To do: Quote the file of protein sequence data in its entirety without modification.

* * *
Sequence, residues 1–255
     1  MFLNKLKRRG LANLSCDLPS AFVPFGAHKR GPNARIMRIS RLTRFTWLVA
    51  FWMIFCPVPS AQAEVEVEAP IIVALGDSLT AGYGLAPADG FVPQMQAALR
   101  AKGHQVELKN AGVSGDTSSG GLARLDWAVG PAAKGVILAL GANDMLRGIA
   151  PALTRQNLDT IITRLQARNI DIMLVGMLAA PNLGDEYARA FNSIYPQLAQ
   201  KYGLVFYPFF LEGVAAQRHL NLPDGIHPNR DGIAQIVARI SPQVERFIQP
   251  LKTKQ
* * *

Sequence, residues 1–255
     1  MFLNKLKRRG LANLSCDLPS AFVPFGAHKR GPNARIMRIS RLTRFTWLVA
    51  FWMIFCPVPS AQAEVEVEAP IIVALGDSLT AGYGLAPADG FVPQMQAALR
   101  AKGHQVELKN AGVSGDTSSG GLARLDWAVG PAAKGVILAL GANDMLRGIA
   151  PALTRQNLDT IITRLQARNI DIMLVGMLAA PNLGDEYARA FNSIYPQLAQ
   201  KYGLVFYPFF LEGVAAQRHL NLPDGIHPNR DGIAQIVARI SPQVERFIQP
   251  LKTKQ